Facts and figures about small bowel cancer
Small bowel cancer is rare; only around 1,300 new cases a year are diagnosed in the UK. There is a very slightly higher incidence in men.
Age related, incidence rises after the age of 40 years with the highest incidence being in the 55-75 year age group. Approximately 40% are adenocarcinomas arising in the duodenum, 30% neuroendocrine commonly developing in the appendix or ileum, the remaining being much rarer lymphomas or sarcomas.
Risk factors include medical conditions such as Crohn’s disease, coeliac disease, Peutz-Jegher’s syndrome, previous colorectal cancer and familial adenomatous polyposis (FAP). Smoking and obesity are also possible risk factors.The symptoms are quite vague, so the disease is often advanced at diagnosis.
Small Bowel Cancer Symptoms
- Dark or black stools.
- Abdominal pain/cramps.
- Nausea and vomiting.
- Weight loss.
Diagnosis of small bowel cancer
Investigations may include:
- Physical examination.
- Endoscopy or colonoscopy – tissue samples may be taken for analysis.
- Capsule endoscopy.
- Chest X-ray.
- CT scan.
- MRI scan.
Small bowel cancer treatment
Depends on several factors:
- The type of tumour.
- The position of the tumour in the small bowel.
- The stage of the cancer.
- General health.
Surgery is the main treatment for small bowel cancer. The tumour and an area of healthy surrounding tissue will be removed; the amount of bowel removed will depend on the size and position of the tumour.
Sometimes it is necessary to remove other organs such as the pancreas or part of the large bowel and lymph nodes near the tumour site will often be removed during the surgery.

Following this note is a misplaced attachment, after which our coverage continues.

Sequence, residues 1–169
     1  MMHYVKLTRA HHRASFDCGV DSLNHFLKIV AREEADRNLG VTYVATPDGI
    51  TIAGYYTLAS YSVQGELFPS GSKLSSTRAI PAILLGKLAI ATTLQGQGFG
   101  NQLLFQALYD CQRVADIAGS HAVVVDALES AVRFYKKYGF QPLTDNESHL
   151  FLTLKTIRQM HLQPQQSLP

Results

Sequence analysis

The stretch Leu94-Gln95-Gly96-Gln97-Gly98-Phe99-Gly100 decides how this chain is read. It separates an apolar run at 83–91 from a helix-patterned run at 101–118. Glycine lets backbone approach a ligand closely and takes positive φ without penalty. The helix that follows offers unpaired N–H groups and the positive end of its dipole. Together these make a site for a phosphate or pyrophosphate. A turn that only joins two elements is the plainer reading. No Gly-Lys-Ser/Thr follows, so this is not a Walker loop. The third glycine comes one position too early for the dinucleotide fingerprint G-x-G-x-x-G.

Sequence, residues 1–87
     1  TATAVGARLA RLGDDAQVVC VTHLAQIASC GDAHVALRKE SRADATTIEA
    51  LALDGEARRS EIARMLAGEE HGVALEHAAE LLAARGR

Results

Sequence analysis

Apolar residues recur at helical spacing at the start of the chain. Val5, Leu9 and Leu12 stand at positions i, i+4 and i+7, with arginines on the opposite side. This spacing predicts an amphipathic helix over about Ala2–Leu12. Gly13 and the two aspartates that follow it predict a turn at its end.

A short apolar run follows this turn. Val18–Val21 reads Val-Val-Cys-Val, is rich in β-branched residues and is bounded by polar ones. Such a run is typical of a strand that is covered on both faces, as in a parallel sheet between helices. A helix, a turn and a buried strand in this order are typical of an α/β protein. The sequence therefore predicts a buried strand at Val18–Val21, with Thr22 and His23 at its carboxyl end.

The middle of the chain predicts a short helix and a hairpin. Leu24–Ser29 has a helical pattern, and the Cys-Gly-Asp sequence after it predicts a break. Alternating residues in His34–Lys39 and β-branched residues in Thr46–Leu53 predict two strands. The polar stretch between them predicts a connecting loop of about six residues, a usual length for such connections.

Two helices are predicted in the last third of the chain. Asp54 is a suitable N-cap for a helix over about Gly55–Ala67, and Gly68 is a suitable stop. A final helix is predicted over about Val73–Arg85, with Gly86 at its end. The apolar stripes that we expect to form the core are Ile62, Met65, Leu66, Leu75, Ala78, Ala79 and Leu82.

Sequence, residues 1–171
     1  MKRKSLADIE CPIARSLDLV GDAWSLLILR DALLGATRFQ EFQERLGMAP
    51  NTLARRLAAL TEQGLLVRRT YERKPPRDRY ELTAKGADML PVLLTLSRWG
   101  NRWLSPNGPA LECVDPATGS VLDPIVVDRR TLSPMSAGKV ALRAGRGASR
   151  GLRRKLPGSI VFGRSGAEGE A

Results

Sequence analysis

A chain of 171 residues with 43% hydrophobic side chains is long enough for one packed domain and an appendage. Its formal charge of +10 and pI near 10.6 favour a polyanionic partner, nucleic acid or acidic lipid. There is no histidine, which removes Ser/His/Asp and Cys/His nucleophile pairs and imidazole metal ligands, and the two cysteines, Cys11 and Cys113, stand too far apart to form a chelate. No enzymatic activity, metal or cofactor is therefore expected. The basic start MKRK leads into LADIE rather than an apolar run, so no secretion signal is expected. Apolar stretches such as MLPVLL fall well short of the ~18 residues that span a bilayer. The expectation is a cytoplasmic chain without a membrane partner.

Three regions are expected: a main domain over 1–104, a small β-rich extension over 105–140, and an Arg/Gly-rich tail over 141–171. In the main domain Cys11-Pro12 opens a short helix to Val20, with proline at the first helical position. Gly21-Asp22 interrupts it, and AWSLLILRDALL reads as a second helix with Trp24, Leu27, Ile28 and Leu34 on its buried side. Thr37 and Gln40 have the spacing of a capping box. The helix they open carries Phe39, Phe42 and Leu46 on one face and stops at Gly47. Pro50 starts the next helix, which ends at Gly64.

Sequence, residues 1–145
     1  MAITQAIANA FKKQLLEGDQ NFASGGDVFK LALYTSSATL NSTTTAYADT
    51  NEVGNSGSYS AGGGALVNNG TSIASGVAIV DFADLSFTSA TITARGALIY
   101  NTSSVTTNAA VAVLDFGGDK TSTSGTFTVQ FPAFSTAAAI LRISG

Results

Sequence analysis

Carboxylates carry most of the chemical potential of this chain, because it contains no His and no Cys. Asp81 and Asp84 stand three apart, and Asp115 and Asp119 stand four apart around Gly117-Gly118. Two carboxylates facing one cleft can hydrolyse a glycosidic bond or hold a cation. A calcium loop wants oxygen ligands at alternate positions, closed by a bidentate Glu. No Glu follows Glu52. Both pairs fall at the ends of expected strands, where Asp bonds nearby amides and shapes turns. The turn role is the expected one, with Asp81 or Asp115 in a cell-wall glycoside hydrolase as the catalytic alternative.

In most cases the two sections of bowel either side of the resection can be joined together to enable normal bowel function to be maintained but occasionally this may not be possible and a section of the bowel is brought to the surface of the abdomen to form a stoma (Ileostomy), this is temporary sometimes to allow the bowel to heal and reversed later.
In advanced cases, surgical removal of the disease may not be possible but surgery may be performed to remove any blockage in the bowel.
Radiotherapy may be used to treat advanced small bowel cancer to help relieve or control symptoms such as a blocked bowel or it may be used if the disease recurs after surgery.
Chemotherapy can be used to treat advanced lymphomas of the small bowel or to help relieve symptoms in other forms of small bowel cancer. It is sometimes used in combination with radiotherapy (usually fluorouracil) to improve the effect of radiotherapy.